Chromebooks vs United Airlines

The current meta for airlines appears to be hosting their own in-flight content for use on your personal devices, namely smartphones and laptops. The exception to this, as I learned recently, is ChromeOS. Chromebooks are becoming increasingly popular for a variety of reasons and it isn’t too uncommon to see them. But there is an odd restriction for United’s In-Flight Entertainment website that attempts to block any laptop that isn’t Windows/OSX from using the service. I did some tinkering on a particularly long flight and found I was quite able to watch their entertainment TV shows and Movies… they’ve simply made it a massive pain to do so.

United decided last year to remove GoGo from the picture (goodbye Chromebook Wifi passes) so the internet wasn’t an option… or so I thought. Let’s take a look at some of the different things you can do while in the sky, starting with the In Flight Entertainment. Once you connect, you’ll find yourself at This serves as the main hub for their services. At the bottom, you’ll see a button for “Entertainment” that will do absolutely nothing with mouseover text “javascript:roadblock()”. You can buy internet, or use the other links; the Entertainment one is interestingly the only one that does not work. However, the web directory is setup is a fairly simple way, so after reading how the other pages resolved, I was able to access the Entertainment page here:

Now I could browse content, but of course anything I clicked would have a roadblock() call. I lucked out in that one of the movies had a trailer for some reason, and the trailer you are allowed to watch. It resolves to a lengthy link, but using it I was able to reconstruct how to access a movie. When you browse to a movie or TV show, you’ll notice it has an identifier such as “pde/details/EPS_3655_M” (Workaholics). It’s nonsensical how this is set up, but for a TV show, here was the URL I needed:

Notice how it requires a mediaID, mid, and movieID series of the same key, with the firs two needing the “_M” removed. Admittedly this would have been easier to find if a laptop-user had been nearby, but no matter. Putting in a URL like the above will get a single episode playing without any identifier. No next buttons, etc. It is useless if you want to watch more than a single random episode (though this works fine for movies). The kicker is that the video URL playing has a different resolve that you can find by right clicking it. The above show resolved here:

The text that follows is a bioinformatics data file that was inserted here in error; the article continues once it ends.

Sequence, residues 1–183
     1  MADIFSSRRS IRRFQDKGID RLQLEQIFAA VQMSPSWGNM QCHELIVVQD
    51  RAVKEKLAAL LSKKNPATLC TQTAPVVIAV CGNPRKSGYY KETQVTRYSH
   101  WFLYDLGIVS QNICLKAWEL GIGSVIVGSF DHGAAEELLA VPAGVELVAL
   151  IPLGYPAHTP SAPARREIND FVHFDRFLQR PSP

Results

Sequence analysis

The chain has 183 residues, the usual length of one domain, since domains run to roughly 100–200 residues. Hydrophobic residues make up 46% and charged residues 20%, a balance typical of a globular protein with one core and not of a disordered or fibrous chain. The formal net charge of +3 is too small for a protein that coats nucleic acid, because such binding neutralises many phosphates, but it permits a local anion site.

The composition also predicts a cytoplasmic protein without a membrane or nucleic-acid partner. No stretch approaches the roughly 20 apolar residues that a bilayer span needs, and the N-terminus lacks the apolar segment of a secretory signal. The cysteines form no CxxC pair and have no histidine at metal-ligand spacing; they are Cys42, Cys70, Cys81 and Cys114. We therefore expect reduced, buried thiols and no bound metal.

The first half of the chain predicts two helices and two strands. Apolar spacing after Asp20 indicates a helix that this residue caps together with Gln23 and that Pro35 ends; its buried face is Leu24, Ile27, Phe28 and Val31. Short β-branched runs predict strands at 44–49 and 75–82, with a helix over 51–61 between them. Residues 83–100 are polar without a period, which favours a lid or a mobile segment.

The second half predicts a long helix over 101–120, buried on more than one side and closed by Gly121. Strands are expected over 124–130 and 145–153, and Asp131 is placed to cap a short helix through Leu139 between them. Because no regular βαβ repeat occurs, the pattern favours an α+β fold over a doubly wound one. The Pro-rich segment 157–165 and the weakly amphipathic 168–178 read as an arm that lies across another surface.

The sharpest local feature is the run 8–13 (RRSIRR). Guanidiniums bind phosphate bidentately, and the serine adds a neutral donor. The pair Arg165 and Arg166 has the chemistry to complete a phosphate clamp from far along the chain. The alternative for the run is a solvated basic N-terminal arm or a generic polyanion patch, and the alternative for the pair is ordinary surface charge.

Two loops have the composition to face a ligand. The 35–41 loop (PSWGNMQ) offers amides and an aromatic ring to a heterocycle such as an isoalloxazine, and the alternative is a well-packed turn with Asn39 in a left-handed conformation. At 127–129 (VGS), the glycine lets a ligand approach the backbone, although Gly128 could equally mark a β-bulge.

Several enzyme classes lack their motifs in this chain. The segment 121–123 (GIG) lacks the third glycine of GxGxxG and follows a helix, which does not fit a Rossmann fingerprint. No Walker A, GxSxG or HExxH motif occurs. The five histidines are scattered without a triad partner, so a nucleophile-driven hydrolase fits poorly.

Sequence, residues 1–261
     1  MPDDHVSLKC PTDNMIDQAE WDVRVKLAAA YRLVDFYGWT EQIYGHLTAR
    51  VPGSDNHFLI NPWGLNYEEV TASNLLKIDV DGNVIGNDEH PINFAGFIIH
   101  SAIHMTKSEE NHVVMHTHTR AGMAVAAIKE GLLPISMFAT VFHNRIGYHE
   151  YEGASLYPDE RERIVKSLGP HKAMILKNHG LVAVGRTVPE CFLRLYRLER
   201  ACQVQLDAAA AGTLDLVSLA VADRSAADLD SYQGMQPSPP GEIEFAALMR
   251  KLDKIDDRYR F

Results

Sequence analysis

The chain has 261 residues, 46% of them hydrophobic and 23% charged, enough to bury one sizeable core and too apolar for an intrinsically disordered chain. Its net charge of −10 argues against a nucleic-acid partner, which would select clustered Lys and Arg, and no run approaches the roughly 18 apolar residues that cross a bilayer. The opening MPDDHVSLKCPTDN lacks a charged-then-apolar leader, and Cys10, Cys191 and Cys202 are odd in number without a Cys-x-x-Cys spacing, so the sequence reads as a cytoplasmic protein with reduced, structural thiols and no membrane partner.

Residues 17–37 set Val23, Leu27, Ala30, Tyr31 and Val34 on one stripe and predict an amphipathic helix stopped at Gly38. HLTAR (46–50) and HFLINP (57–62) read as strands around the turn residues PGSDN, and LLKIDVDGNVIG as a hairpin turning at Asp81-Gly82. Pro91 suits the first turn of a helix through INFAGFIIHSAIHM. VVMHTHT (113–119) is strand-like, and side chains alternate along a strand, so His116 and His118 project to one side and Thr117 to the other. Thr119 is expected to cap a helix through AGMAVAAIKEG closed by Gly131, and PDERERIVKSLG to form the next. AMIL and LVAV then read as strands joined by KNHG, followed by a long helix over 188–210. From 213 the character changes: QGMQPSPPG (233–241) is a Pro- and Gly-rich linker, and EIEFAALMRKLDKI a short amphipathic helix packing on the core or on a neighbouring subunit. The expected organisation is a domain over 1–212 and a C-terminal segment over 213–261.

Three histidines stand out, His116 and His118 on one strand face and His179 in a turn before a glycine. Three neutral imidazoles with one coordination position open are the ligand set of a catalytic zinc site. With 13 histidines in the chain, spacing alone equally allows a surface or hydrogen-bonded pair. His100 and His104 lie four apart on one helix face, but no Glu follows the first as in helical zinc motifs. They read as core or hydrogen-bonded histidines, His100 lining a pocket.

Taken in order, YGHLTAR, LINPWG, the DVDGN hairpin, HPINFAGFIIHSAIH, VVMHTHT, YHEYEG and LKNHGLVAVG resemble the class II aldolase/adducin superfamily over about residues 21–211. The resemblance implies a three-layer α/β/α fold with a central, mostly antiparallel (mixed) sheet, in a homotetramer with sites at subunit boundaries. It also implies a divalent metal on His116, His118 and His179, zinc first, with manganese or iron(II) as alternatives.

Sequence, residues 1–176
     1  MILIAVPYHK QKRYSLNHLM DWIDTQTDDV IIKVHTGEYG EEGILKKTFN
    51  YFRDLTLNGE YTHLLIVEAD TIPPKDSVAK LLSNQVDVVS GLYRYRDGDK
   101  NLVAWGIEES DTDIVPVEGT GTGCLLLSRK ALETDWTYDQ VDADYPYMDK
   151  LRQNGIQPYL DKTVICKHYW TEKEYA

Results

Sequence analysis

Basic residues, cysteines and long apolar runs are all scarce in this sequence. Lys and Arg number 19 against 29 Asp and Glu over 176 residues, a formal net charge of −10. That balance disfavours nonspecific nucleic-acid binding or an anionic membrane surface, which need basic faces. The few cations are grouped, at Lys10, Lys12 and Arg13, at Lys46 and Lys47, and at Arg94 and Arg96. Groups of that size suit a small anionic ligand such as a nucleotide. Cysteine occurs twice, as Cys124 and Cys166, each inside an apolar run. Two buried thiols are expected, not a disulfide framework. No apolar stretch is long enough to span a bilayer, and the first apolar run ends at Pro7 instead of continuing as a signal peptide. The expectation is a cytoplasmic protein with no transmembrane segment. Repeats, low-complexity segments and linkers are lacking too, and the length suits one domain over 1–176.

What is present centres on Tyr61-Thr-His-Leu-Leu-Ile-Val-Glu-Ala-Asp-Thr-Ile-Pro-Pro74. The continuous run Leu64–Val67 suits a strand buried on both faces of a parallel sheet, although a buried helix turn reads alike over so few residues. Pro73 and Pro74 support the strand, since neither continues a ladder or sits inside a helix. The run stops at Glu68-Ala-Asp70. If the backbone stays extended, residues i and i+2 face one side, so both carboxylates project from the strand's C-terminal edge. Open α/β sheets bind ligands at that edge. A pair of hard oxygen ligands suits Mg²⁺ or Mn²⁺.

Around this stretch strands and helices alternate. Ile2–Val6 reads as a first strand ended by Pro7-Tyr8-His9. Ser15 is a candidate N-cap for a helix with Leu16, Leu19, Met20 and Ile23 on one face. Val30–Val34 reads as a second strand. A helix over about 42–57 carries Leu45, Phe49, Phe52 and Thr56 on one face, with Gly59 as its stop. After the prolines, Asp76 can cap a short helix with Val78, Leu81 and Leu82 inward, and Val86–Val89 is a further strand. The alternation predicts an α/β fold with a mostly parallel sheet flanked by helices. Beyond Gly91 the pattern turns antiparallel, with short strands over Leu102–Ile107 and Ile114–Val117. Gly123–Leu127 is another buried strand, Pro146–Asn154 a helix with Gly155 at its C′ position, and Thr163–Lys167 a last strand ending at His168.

That’s right, episode 9. No idea why. Of course, that doesn’t matter because now we have a logical URL, and changing the EP from 9 to 1 works perfectly. Unfortunately, at this point the directory listing itself is “Forbidden” so some Linux magic might be in order to see the other series on their server. Using the same methods above I was able to watch Island Hunters, though for this you might need the episode titles and the format is different:


There are movies and shows marked with a “Requires additional software” icon, and those I did not get working. It was a success overall, but a limited one. For the Island Hunters show above, you need episode titles to be able to do anything, right? Let’s talk about what else you can do on United Wifi.

Aside from the UnitedWifi website, for an unknown reason works, as does web searching. I’ll discuss some caveats below, but you can have a good time with some effort. The first thing to be aware of is that Gmail does not work. I tried changing DNS to no avail, even proxy addresses, so it seems like they’ve whitelisted Google and perhaps a certain range within. While Gmail does not work specifically, a few other services will. Google Voice will open right up, and with a load time so will Hangouts. The chatting doesn’t work quite as well as you’d think, because it seems that after the initial connection a block occurs. Thus, you can receive all of your messages and send a few messages normally, before having to refresh the page to receive the replies. A nuisance, but not game-breaking.

You can also use the web search to find websites you want to visit, then view the Google WebCache to access them. This tends to become text-only — sorry Imgur fans. But remember earlier when we needed the episode names for Island Hunters? Yep, we can find those now. In an ideal world United would simply allow Chromebooks safe passage through their arbitrary blockade, but until (or if) that happens, the above methods can help overcome a few hurdles.

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